VINEGAR PUSS by S.J. Perelman

VINEGAR PUSS

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KIRKUS REVIEW

Connoisseurs of early Perelman, he of the baroque hyperbole and the sachel of New York's garment center at high noon, will be immeasurably braced by this late renascence of one of the two humorists today worth a hill of paeans. Unlike Woody Allen, Perelman does not act, direct, or play a clarinet, but his aims are lofty -- the pursuit, for example, of the thoughtfully laundered shirt and, when abroad, foreign approximations of Broadway delis. Then there's his daring duplication of the circumnavigation of Verne's Phileas Fogg, accompanied by Perelman's Passepartoute, that ""toothsome cupcake"" Amazonian Sally-Lou. It was heigh-ho down the Persian Gulf in the S.S. Choleria with its purgatory of Brussels sprouts and fried plaice; afloat on the Indian Ocean in the good ship Moribunda, ahum with munching roaches; the Golden Bamboozle Hotel in Hong Kong, etc. In addition to other pieces about the sheer awfulness of life across the seas, are sad tales of business ventures gone awry (he invented a compact in the shape of a fried egg); cheerfully acidulous commentary on the arts (including the Napoleonic habits of Mike Todd, ""the little corpuscle""); tales of horror and revenge (sitting on a callous lady's Chihuahua) -- and more. The dudgeon is high; the punning deliciously low -- Perelman has come back into his own. Most of these pieces have appeared in the New Yorker.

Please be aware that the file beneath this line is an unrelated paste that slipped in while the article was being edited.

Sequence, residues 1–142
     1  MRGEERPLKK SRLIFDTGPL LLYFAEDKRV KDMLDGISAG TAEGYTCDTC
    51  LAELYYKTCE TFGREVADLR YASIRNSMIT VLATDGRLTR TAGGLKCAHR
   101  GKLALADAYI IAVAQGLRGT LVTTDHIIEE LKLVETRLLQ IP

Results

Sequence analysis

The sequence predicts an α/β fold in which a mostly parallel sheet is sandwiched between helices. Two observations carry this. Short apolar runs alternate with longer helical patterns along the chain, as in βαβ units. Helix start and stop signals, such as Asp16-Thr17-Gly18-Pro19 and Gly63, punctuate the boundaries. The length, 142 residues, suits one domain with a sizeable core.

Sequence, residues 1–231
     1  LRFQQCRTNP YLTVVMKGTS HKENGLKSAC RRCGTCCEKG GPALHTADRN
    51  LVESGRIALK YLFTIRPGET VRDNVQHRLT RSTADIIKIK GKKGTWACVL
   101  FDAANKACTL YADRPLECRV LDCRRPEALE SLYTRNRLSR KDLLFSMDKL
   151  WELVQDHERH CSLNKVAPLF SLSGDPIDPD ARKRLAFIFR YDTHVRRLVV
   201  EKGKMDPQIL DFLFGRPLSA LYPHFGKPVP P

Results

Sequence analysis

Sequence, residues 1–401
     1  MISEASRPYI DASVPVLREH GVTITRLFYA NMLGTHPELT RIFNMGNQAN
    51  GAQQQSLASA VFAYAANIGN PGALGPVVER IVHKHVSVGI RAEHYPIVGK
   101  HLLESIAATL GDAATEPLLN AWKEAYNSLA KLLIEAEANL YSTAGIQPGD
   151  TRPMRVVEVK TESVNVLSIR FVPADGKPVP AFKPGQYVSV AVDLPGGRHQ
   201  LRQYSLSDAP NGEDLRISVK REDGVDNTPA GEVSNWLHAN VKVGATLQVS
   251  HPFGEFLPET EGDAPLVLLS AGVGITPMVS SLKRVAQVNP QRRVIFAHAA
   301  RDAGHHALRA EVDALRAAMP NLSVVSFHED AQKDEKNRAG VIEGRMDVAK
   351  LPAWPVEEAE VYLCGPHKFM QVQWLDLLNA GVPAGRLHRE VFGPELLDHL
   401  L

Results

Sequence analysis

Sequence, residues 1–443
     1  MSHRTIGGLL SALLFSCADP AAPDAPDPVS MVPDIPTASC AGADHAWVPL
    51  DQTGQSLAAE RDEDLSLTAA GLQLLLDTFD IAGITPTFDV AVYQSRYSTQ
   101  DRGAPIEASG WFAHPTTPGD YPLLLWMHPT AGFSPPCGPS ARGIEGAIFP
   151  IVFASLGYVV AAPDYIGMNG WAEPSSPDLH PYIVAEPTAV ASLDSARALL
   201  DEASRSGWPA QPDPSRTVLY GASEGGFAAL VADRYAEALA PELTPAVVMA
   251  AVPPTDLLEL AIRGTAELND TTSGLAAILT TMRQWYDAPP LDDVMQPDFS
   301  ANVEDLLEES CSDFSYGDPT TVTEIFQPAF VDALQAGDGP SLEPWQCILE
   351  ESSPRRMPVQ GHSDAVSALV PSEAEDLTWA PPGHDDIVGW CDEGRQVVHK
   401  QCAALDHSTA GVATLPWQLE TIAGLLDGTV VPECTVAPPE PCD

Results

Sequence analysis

Pub Date: March 1st, 1975
Publisher: Simon & Schuster